Also note that in Java 6 there are 2 constructors that take charset String(byte[] bytes, String charsetName) and String(byte[] bytes, Charset charset). I did some simple performance test a while ago, and constructor with String charsetName is magnitudes faster than the one that takes Charset object ( Question to Sun: bug, feature? ).

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Thanks for answering :D. (1) I am creating a non-lock input stream and I plan to use it for shell access and network connection which I have no control over. (2) The reason why I look to another '\n' because I think that IT IS MIGHT BE POSSIBLE THAT 0x0D and 0x0A MIGHT BE PART OF A VALID UNICODE which I am not sure. But just in case it is a binary that contain it may be a valid one line of string. That is why I did this. (3) After I posted I actually find that out and have changed to CharsetDecoder :D. Thanks anyway. –  NawaMan Oct 12 '09 at 12:33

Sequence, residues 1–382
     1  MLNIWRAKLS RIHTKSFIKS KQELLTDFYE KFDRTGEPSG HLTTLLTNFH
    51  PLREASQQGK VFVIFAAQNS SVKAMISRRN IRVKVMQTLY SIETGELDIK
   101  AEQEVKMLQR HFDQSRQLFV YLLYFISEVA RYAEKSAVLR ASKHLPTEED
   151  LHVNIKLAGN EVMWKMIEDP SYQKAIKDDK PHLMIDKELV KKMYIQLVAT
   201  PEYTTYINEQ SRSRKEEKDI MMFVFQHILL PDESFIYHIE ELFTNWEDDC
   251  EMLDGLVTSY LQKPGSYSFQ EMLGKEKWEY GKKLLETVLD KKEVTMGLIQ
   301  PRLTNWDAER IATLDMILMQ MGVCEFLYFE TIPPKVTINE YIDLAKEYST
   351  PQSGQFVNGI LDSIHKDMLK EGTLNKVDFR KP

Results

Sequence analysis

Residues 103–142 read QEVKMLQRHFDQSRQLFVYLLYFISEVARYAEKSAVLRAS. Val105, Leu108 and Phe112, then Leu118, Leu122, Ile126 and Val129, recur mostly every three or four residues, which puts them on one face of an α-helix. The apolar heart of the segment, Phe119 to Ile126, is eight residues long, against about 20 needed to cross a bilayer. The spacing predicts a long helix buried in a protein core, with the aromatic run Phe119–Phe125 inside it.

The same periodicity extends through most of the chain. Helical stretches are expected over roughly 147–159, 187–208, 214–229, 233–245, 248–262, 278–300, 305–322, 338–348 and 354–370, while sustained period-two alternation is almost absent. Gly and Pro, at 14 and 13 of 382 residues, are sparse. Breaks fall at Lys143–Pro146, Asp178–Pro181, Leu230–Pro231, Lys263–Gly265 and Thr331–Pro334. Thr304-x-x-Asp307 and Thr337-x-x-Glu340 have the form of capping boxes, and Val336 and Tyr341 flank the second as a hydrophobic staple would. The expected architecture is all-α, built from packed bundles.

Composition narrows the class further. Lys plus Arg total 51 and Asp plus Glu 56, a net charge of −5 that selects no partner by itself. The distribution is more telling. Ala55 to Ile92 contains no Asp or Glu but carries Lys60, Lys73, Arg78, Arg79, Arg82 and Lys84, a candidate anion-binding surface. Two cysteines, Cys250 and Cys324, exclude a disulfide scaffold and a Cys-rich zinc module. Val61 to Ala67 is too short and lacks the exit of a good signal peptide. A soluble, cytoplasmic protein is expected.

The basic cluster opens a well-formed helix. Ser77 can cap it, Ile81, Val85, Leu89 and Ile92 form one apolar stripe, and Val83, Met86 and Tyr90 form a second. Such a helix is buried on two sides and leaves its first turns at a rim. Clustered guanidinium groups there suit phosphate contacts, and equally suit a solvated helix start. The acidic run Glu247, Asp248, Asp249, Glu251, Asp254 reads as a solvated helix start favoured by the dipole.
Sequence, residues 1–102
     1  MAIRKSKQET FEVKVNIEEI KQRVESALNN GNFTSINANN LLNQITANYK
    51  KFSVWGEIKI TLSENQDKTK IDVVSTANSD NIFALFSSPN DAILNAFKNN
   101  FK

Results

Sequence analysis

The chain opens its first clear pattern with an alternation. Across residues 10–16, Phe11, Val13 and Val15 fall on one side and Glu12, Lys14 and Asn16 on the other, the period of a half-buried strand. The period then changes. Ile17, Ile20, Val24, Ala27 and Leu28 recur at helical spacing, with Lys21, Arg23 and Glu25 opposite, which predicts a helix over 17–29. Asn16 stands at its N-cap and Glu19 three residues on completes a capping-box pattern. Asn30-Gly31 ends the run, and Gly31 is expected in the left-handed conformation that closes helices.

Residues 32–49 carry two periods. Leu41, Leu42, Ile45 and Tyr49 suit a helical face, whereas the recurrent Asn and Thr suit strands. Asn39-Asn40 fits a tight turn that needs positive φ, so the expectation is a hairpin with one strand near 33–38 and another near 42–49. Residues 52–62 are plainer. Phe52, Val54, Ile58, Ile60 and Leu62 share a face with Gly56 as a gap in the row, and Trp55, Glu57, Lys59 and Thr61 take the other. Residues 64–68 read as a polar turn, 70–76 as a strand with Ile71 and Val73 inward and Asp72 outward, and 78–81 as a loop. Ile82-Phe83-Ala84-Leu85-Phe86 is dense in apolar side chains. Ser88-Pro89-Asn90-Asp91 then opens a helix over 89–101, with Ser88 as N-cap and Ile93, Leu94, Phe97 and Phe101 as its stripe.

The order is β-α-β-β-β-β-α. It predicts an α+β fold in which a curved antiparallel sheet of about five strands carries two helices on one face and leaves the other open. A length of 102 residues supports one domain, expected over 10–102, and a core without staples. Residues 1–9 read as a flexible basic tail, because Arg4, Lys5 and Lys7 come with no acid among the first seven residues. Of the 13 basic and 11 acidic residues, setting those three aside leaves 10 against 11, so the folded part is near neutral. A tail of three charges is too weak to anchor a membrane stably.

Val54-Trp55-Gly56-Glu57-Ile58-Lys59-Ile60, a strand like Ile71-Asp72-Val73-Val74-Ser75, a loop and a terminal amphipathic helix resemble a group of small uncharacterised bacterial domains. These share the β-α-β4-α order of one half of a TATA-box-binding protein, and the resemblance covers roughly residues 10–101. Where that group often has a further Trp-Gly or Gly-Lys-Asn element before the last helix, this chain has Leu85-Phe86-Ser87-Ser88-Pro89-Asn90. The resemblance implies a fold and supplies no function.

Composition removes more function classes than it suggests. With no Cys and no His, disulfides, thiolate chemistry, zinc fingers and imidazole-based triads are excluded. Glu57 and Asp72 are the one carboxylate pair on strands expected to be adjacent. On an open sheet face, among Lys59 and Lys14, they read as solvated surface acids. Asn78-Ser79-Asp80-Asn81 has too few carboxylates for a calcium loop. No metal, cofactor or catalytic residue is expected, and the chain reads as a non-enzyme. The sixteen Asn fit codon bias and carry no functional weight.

I just solved this to get test stubb working for Datagram - I did byte[] varName= String.getBytes(); then final int len = varName.length; then send the int as DataOutputStream and then the byte array and just do readInt() on the rcv then read bytes(count) using the readInt.

Not a lib, not hard to do either. Just read up on readUTF and do what they did for the bytes.

The string should construct from the byte array recovered that way, if not you have other problems. If the string can be reconstructed, it can be buffered ... no?

May be able to just use read / write UTF() in DataStream - why not?

{ edit: per OP's request }

//Sending end 

String data = new String("fdsfjal;sajssaafe8e88e88aa");// fingers pounding keyboard
DataOutputStream dataOutputStream = new DataOutputStream();//
final Integer length = new Integer(data.length());
dataOutputStream.writeInt(length.intValue());//
dataOutputStream.write(data.getBytes());//
dataOutputStream.flush();//
dataOutputStream.close();//

// rcv end

DataInputStream dataInputStream = new DataInputStream(source);